• What has been the highlight of your career?

The highlight of my career has been winning the Sir William Wakeham award and being given the chance to present my work at the Postdoc research symposium. Presenting and discussing the highlights of my research and future ideas to academics and students within the same department was a great opportunity and was very enjoyable.

  • How would you advise an undergraduate student looking to pursue further study as a researcher?

I would encourage students to get into research as quickly as possible, through UROP placements, LINK projects or internships. Certain courses in Chemical Engineering also have mini-projects (e.g. Product Characterisation) which are very useful in learning new analytical approaches and so give experience in a variety of research areas and different labs. Not only will this help them find out if research is for them, but the skills and knowledge gained during these times will help in their final year research project, give them an idea what research topics they like and put them in a good position for applying for PhD. 

  • Is there some aspect of your research that you wish gained broader public interest?

This is a tough question to answer, as public interest in studies using infrared spectroscopy and imaging is difficult to quantify, and my own areas of research fill in pieces of a much larger puzzle.  However, interacting with the public at the Imperial Festivals and reading various popular science articles shows there is already interest in areas I’m involved in such as pharmaceuticals/healthcare and novel materials.  Vibrational spectroscopy itself is also becoming more recognised, with miniature near-infrared (NIR) spectrometers being coupled with smart-phones for the measurement of food spoilage or types of plastic and recently, Raman Spectroscopy which was applied to brain tissue during surgery.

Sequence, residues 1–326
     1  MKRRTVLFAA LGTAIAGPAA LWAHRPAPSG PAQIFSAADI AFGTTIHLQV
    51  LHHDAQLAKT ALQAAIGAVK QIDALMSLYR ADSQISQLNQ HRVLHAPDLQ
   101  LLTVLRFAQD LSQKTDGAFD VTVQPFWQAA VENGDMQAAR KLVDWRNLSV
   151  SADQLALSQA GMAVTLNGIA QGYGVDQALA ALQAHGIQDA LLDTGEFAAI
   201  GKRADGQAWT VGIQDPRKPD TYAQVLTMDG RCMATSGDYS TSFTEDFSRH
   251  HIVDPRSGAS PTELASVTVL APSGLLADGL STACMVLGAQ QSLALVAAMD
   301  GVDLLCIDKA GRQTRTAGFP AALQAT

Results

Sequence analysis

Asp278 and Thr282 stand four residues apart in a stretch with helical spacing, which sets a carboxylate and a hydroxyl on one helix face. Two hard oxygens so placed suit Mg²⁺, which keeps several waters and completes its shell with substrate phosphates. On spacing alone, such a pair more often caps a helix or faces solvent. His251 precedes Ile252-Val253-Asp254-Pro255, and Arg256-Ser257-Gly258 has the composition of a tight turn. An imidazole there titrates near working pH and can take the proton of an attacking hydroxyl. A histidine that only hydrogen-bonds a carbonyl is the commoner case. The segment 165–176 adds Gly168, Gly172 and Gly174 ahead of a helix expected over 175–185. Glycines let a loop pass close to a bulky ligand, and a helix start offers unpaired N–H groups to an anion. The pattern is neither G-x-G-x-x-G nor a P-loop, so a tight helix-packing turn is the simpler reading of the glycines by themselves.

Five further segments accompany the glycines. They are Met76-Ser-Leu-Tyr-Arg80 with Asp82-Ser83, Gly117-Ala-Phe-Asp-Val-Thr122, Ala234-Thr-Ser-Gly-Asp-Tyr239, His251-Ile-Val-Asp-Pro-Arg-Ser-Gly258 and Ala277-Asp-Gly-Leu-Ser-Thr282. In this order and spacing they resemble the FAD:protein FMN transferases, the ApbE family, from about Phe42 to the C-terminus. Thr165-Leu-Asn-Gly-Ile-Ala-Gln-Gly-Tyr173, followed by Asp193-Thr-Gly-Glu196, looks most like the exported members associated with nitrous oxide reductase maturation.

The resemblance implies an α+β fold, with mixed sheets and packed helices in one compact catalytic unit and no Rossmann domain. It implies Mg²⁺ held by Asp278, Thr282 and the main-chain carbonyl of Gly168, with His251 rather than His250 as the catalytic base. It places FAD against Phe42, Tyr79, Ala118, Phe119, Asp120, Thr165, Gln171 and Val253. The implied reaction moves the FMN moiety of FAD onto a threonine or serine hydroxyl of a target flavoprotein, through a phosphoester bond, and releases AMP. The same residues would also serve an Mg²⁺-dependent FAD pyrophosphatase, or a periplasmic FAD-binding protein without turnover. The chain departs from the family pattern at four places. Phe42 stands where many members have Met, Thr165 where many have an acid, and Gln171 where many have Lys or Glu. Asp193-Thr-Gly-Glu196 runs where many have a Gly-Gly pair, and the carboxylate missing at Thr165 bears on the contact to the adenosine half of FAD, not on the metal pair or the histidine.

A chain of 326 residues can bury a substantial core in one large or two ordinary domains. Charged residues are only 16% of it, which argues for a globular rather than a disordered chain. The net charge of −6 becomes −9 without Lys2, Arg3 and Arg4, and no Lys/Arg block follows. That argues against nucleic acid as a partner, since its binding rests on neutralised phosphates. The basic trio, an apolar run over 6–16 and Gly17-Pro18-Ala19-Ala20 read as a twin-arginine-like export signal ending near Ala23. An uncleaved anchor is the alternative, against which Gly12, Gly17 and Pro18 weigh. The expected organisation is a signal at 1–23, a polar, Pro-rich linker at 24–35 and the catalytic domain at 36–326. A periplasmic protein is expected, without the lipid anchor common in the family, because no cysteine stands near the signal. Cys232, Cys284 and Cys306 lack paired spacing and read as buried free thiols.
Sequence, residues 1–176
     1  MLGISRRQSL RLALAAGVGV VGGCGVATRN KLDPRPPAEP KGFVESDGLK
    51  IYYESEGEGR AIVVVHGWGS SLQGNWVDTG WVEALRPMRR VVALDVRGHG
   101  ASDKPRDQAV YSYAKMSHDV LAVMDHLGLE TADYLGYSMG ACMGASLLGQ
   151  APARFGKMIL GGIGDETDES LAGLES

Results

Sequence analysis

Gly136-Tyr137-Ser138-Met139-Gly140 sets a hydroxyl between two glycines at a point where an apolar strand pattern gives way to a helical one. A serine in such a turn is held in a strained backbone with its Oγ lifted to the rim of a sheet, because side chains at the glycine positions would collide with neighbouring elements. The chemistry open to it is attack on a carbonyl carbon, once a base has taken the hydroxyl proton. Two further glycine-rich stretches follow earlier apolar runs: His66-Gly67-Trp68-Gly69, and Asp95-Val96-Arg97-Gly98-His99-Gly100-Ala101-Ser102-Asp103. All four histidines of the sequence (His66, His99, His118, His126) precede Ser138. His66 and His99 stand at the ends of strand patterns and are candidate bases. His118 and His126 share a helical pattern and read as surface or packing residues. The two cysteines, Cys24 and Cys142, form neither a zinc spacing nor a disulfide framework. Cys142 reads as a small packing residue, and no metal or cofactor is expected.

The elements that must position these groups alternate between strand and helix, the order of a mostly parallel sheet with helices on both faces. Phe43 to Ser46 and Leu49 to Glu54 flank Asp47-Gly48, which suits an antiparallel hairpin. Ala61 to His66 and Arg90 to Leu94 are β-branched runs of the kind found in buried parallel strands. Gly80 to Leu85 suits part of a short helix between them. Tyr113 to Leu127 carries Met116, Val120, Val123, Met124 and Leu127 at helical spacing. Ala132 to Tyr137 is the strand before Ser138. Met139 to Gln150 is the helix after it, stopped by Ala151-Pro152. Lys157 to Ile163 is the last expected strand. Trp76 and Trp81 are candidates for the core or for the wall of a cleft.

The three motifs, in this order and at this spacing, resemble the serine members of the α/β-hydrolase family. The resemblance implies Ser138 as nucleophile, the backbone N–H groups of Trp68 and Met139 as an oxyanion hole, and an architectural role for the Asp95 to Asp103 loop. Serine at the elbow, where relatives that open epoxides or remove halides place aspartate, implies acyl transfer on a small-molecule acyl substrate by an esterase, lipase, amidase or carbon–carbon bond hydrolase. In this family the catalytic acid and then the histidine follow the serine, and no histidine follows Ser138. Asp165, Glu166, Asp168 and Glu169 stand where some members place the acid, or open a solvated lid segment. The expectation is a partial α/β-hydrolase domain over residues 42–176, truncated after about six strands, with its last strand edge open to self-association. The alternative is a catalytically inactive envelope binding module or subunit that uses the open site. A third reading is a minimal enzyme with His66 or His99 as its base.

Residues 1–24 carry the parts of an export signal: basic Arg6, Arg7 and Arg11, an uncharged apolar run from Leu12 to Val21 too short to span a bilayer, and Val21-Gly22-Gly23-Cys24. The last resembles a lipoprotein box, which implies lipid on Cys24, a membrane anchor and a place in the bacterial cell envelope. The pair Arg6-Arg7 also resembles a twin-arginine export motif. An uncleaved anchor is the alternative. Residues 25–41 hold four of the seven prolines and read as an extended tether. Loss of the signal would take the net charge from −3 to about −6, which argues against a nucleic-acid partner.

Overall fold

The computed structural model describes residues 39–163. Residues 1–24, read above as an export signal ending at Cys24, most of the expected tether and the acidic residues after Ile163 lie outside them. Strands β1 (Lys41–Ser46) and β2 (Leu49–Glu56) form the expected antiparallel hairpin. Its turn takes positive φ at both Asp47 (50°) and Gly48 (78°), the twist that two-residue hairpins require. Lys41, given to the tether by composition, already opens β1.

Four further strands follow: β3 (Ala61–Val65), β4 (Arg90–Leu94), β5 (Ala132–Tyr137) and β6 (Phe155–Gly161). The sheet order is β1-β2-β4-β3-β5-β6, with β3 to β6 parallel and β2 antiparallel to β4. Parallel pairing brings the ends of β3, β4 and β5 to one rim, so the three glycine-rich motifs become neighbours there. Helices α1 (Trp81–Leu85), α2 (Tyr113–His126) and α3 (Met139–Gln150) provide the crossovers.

• What is your next goal, and where do you see your field of research going in the next 5-10 years?

My next goal is to secure funding for the next stage of my project, and what direction that will be depends on results I obtain in the next few months.  Looking further ahead for the field in general, there are exciting developments in using quantum cascade lasers for infrared spectroscopy, which are orders of magnitude more powerful than infrared sources in current spectrometers, and are more convenient than using synchrotron sources.  This enables us to study new samples and processes with better sensitivity and higher time resolution than is possible with ordinary infrared spectrometers.

Vibrational Spectroscopy and Chemical Imaging Group

The Vibrational Spectroscopy and Chemical Imaging Research Group

Dr James Kimber and Professor Sergei Kazarian have also authored a summary of recent advances in Macro ATR-FTIR processes for an article in Spectroscopy magazine, outlining the versatility of spectroscopic imaging as a solution in a variety of industrial contexts.

Reporters

Mikhail Menezes

Mikhail Menezes
Department of Chemical Engineering

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Contact details

Email: press.office@imperial.ac.uk
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Michael Panagopulos

Michael Panagopulos
Department of Chemical Engineering

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Contact details

Email: press.office@imperial.ac.uk